I was only two weeks away from my booked departure to Cambodia and I still needed to purchase a few essential electronic devices to make sure I am able to document my journey around the world and maintain my positive cash flow while I’m on the road. The absolutely most essential piece of equipment was a powerful and reliable laptop. Throughout my life, I have owned and worked on several laptops so I really didn’t need the buying a laptop for dummies guide. I purchased a top of the line SONY laptop a few years ago, but the screen on it died shortly after a year of moderate use. I sent it in to SONY authorized service centre and was told that whole screen needed to be replaced which would incur the cost of $1,400. Given that I paid $3,500 for this machine just a year ago (it was the most powerful and advanced laptop at the time), I was not impressed with the quote. I did not pay this much money to have to pay an additional $1,400 to keep this expensive piece of machinery usable after one year. But because it was shortly after one year of ownership, the warranty on the laptop was expired so SONY was not willing to assist. I was basically left with the extremely expensive piece of laptop I paid a lot of money for but could not use it. Needless to say, this was the last time I have purchased anything made by SONY.
I also had another laptop. It was an old Toshiba I bought back in 1999. It still have Windows 98 Millennium Edition installed on it, it was ridiculously old and slow, but still worked like a charm. This laptop went through hell with me yet it has never let me down. I purchased the above mentioned SONY laptop in order to replace this old Toshiba because it was old and no longer matched modern criteria for computer use. I could still use it as everything on it worked like new despite extensive use for almost a decade, but it was simply too slow so I needed a new one.
After SONY let me down and burned $3,500 out of my pocket, I fell back to using a desktop which is what I was on at the time of making all of these arrangements to start the worldwide travel. I could not take the desktop with me. I needed a new laptop. I simply had no way around it. It’s impossible to haul the desktop around when travelling, Toshiba laptop was too slow and SONY didn’t work because it’s a piece of junk. So I brushed off my buying laptop for dummies guide and started to look around to see what there was for laptops at the moment so I could buy one.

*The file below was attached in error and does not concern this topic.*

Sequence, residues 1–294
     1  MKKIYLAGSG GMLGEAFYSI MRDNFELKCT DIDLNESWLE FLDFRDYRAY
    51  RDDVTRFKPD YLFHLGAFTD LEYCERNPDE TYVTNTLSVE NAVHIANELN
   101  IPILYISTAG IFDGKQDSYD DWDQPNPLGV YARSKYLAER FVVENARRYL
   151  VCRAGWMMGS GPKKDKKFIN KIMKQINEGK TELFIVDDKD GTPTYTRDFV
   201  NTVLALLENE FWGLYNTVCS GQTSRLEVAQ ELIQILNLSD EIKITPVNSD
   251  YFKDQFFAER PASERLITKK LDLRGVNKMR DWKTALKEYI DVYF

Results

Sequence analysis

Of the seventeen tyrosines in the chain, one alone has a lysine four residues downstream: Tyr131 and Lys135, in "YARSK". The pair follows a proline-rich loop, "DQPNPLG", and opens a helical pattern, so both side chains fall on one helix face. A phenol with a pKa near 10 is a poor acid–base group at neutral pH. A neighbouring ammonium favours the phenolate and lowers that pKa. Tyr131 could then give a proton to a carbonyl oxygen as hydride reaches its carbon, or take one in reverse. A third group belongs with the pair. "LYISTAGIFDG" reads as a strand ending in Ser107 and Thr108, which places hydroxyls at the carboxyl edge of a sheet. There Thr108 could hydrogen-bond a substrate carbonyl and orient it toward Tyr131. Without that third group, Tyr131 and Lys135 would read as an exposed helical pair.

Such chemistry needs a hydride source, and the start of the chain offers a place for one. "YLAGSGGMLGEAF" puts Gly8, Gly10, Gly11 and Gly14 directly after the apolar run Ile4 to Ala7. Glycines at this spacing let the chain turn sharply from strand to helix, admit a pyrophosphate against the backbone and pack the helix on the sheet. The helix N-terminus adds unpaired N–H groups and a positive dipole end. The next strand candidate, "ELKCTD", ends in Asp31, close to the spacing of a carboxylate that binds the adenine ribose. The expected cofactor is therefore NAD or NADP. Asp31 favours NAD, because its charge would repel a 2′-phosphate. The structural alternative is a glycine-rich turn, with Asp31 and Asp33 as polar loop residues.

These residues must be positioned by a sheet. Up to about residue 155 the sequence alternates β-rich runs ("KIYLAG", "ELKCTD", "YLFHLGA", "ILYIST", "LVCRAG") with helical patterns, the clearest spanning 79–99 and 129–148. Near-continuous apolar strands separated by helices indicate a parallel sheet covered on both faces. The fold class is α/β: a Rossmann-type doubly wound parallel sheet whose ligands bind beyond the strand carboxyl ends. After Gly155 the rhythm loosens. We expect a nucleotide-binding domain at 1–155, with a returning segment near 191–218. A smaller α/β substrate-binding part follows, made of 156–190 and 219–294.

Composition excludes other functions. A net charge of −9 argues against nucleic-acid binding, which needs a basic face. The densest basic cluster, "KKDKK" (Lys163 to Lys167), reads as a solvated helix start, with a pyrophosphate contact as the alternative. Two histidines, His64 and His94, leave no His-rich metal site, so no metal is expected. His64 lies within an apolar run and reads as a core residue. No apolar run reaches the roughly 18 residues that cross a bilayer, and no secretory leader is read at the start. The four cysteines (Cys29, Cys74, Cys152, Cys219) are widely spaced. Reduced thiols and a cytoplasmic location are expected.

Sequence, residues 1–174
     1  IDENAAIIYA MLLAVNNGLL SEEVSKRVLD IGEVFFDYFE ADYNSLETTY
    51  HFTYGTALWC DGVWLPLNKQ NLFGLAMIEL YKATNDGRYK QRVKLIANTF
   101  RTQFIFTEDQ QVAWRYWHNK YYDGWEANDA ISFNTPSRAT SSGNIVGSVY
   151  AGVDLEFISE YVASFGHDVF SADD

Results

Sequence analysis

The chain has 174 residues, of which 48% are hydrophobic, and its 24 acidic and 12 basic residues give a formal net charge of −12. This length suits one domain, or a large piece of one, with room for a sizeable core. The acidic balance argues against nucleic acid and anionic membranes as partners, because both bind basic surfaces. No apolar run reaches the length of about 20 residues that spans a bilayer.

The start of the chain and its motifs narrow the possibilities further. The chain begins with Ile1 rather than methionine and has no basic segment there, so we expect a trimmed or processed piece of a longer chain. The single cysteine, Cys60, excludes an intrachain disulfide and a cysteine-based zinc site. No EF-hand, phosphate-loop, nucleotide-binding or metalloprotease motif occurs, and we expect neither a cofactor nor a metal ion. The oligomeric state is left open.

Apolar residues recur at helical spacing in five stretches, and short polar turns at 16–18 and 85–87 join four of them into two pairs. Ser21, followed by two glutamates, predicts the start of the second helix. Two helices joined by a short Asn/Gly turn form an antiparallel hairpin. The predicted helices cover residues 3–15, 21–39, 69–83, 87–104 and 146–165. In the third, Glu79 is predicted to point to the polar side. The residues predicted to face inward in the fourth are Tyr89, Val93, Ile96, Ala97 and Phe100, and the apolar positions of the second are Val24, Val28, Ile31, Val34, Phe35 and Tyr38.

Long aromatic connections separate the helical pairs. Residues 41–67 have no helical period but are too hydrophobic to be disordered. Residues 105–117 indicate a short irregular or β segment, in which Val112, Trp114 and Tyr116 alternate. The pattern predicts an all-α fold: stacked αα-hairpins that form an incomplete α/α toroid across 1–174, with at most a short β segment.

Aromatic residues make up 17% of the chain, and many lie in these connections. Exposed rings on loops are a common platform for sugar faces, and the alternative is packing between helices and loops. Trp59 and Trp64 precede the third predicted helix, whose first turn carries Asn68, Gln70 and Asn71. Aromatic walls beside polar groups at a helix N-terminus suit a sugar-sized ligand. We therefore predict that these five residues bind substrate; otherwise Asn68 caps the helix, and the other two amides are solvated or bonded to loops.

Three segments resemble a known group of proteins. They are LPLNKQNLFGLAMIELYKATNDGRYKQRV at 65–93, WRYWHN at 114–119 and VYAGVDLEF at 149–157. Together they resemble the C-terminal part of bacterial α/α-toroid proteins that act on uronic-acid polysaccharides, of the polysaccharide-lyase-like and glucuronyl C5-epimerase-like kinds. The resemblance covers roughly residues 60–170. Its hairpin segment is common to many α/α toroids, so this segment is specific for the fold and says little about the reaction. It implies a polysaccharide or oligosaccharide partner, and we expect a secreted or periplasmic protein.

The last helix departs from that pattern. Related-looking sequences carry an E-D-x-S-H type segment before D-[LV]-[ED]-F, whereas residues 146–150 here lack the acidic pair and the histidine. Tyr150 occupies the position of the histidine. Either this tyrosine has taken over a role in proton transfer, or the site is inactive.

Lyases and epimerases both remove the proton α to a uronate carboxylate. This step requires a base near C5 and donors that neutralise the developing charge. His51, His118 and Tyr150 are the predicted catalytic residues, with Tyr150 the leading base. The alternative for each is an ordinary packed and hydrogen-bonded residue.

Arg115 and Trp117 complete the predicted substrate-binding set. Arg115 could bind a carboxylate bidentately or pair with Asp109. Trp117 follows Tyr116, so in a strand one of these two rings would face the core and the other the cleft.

One thing I have learned after purchasing the SONY laptop was that when buying a laptop, go for as small a screen as you can read. The SONY laptop had a 16.9″ screen. I thought it was awesome cause I was gonna get this nicely large viewing area along with super-powered components inside, but it proved to be the worst decision ever. Case in point is – if you want large screen, get yourself one for the desktop. When buying a laptop, go for light weight and small size. Even if you’re not a traveler, you will want to take your laptop with you when leaving your house for a variety of reasons and the bigger a laptop, the heavier and larger a chunk you will have to haul around with you. 17″ screen laptops are near impossible to use onboard a plane or in a car. They are simply so big that you can’t even open it on your lap. Plus you will need a rather large case to fit it in making your carryon luggage chunky and heavy. Lightweight laptops are the only way to go, whether you travel a lot or not.
So I went out to look for a laptop to buy but was discouraged by low availability of quality machines. I looked at Toshibas because the one I have still works and it’s more than 10 years old, but Toshiba seemed to have fallen asleep in 2009. Their laptops were underpowered and overpriced. The processors were from 2008. Memory was insufficient, hard drive space not much – plain and simple no where up to par with 2009 laptops. And these machines were priced at the same level as other brands which were equipped with superior processors, twice as much memory, larger hard drives, better video cards and all other components. It made no sense buying any Toshibas in mid 2009.
After ditching Toshiba laptops, I had very few options left. I only had a couple of weeks till departure so I really needed to get the laptop asap so I can load it up with necessary software and all files I need to have instant access to. But the quest to find a machine I’d be comfortable with was failing. Mid 2009 was also the time when Microsoft announced the release of Windows 7 operating system which would mean that one would want to wait until laptops loaded up with this new operating system are available (#2 rule from the Buying Laptop for Dummies guide), but I simply could not wait. I was leaving in two weeks so even though the laptop purchased now would come with operating system that’s becoming obsolete, I had to buy it.